by John Hall
It’s usually easier to come up with an excuse than it is to actually get something done. I’ve learned that many employees have the potential to be great, but they let excuses get in the way of their true potential. As a leader, it’s important to address these excuses and challenge your employees to be better. Here are some excuses that send my “BS meter” off the charts.
You didn’t give me enough direction
This is a common excuse for people that are used to checking the answer in the back of the book. The best employees take initiative and require the least amount of direction. The best leaders don’t hold employees’ hands, and the best employees tend to execute well and ask for direction only when it’s necessary.
It’s another team member’s fault
In school, you didn’t fail to turn in a project just because you had a lazy group member. You picked up the slack. Do what you can to encourage that person to get the work done, and if that’s not possible (there are some really lazy people out there), do it yourself. Bottom line: The best employees simply get the job done.
It’s not possible
Very rarely do I come across something that isn’t possible. It just takes some critical or outside-the-box thinking. Great employees don’t give this excuse because they don’t give up when they hit a barrier. Sometimes the difference between “impossible” and “possible” is just an email, phone call, or Google search away.
It’s a common mistake
Some employees think mistakes like typos, grammatical and logistical errors, and email errors are okay because they’re so common. The best employees aren’t “common,” so don’t make “common” mistakes. It pays to double-check your work and make sure it rarely needs correcting. It will put you a step above the rest in a world full of people who are bad at spelling, forming complete sentences, and responding to emails coherently.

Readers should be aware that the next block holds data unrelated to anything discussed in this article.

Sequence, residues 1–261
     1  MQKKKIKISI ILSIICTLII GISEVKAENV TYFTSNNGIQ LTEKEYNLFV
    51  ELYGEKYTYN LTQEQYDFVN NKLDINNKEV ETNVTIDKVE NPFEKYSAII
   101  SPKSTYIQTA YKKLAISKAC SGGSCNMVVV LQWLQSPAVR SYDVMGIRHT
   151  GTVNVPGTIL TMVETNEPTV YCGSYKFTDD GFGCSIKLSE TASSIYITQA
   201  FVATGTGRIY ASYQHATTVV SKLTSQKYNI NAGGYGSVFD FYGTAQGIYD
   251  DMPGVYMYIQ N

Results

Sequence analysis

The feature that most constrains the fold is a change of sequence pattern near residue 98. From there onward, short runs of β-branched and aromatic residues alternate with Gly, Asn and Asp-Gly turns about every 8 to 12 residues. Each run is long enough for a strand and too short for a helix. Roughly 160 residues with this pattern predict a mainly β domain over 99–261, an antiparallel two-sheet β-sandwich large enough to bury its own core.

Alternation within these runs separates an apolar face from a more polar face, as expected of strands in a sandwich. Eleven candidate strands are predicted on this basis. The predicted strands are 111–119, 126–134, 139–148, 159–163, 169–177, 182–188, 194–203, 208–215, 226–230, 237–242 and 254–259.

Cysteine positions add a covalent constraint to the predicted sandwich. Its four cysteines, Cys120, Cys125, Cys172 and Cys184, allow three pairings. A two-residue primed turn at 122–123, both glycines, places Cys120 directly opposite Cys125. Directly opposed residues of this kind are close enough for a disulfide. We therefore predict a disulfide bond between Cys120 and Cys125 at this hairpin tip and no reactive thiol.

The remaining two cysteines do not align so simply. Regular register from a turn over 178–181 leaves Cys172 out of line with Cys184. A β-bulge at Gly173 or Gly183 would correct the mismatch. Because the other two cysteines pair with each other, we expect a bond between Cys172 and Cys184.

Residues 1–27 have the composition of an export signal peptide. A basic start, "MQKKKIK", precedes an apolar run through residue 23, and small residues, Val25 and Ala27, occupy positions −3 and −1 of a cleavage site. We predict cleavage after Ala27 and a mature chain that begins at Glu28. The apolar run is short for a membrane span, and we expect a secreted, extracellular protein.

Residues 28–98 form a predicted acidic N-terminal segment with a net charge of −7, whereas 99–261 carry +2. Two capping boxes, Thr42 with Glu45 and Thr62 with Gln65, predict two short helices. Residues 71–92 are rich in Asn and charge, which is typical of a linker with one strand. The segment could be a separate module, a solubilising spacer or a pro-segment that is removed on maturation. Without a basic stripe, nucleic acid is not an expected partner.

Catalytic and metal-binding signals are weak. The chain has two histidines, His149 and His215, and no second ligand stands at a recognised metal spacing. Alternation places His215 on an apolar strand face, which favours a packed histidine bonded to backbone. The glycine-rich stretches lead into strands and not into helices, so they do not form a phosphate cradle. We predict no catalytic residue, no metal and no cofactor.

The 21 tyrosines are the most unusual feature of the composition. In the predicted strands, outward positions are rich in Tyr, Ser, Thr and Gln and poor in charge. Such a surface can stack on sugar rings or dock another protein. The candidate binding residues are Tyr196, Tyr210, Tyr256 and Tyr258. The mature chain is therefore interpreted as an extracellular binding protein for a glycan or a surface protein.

I need your resources
Often, employees rely on their leaders’ resources and network to complete tasks. A standout employee builds off her leader’s connections and establishes her own network. One of the most refreshing feelings for a leader is to see an employee form additional relationships that can help the company. It’s really a feather in the cap to know the employee you trained is successfully branching out and building valuable connections autonomously.
The client is unreasonable
There is no shortage of difficult people out there, so get used to dealing with them. An unreasonable client or partner shouldn’t mean you can’t accomplish your goals. Valuable employees find ways to deal with unreasonable people simply by forming a better relationship or providing value for the client to ease the unreasonableness. That said, sometimes people who are difficult to work with just need a swift kick in the pants (metaphorically speaking) to bring them back to earth.
I need more training
When an employee isn’t trained properly, it can result in disaster. All leaders should make an effort to effectively train their employees and have programs that ensure this. Unfortunately, training isn’t 100 percent perfect and some employees won’t be trained properly. Employees also have an obligation to learn on their own and actively try to make themselves better. If an employee isn’t properly trained, the standout employees will fill in the gaps themselves and reap the rewards associated with being awesome.
Once you hear these common excuses, it’s important to identify them and address them. Challenging and supporting an employee is one of the best ways to decrease room for these excuses and allow your employees to become great assets for your company. So, even if you don’t have a good “BS meter,” you’ll be able to tell when your employees could be growing instead of consistently falling back when things get tough.
John Hall is the CEO of Digital Talent Agents, an agency that specializes in helping companies, entrepreneurs and business leaders build their brands by getting quality content published from them in reputable online publications that reach their target markets. Connect with him on Twitter or Google+.